I am often asked “should I go full frame”?
A full frame camera is a camera whose sensor is the same size as a negative used to be. Cheaper cameras, on the other hand, have a slightly smaller sensor. We call these “crop cameras”.
Making a camera with a smaller sensor means that it, and its lenses, can be:
That’s good. But it also means a few not-so-good things:
- Smaller viewfinder
- Lower picture quality (more “noise”)
- Slightly lower ability to create blurry backgrounds
- Lenses “appear longer”: good when you want telephoto; less good when you want wide angles.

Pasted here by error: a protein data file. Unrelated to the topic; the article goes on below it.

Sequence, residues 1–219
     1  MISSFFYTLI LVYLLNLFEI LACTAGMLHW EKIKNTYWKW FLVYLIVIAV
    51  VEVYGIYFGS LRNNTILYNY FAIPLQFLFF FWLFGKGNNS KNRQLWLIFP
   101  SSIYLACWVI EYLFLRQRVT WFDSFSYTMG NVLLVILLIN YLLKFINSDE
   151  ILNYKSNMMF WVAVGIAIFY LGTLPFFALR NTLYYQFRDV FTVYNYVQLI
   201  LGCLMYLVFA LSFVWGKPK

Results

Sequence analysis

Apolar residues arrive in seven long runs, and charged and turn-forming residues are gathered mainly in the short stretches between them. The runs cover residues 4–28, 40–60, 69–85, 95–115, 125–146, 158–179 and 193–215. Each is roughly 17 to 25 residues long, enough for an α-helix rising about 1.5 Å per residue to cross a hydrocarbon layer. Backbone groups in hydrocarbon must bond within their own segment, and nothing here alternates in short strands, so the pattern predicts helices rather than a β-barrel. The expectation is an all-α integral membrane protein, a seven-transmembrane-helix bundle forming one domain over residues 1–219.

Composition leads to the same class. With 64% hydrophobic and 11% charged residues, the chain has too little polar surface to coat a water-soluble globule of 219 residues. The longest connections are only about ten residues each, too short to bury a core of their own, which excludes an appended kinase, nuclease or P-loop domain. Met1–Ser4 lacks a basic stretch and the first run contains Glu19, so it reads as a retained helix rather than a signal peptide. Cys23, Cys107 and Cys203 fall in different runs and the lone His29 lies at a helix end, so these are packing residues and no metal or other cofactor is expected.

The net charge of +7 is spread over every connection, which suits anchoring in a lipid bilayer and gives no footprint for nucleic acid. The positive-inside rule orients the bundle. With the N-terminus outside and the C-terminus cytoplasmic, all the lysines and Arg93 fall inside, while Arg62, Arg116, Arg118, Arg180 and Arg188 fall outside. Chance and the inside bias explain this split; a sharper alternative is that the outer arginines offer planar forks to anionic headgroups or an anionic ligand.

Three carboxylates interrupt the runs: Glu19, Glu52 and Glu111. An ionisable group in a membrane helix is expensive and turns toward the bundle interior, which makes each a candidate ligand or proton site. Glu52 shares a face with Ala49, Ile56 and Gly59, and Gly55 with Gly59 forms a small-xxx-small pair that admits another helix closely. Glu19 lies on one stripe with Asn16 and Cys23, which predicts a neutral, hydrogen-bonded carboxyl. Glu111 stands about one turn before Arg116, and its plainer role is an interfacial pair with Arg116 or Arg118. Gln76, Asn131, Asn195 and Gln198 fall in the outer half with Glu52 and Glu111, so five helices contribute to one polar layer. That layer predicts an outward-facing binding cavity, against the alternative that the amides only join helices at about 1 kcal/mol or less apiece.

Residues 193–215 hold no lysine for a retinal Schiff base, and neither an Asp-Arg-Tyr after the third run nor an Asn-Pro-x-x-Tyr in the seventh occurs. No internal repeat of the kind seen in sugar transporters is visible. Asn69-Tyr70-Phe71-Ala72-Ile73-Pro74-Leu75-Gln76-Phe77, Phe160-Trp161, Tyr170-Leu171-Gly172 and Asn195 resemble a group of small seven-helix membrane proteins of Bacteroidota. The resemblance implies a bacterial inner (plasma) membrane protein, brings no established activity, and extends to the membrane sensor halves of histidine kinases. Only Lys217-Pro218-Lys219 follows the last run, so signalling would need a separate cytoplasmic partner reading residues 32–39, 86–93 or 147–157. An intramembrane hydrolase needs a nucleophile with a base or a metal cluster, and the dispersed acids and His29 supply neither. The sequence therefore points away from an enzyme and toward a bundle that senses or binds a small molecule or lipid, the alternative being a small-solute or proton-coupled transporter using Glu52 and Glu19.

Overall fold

So you take your pick. Most people start with an affordable crop camera, but go to full frame eventually.
More importantly: lenses. Some lenses can only be used on crop cameras. These lenses (EF-S for Canon, DX for Nikon) are cheaper, smaller, lighter—but they are less future proof. The other lenses can be used on any camera: crop as well as full-frame. It is the latter kind of lenses I recommend, in case you go full-frame at some later stage.
Now, off to a Toronto bank to do executive portraits. Later!
Quick questions, I have 7D and a 50D as my backup, what would be a suitable full frame up from the 7D? Are full frame slower then say my 7D?
Answering this as today’s post, stand by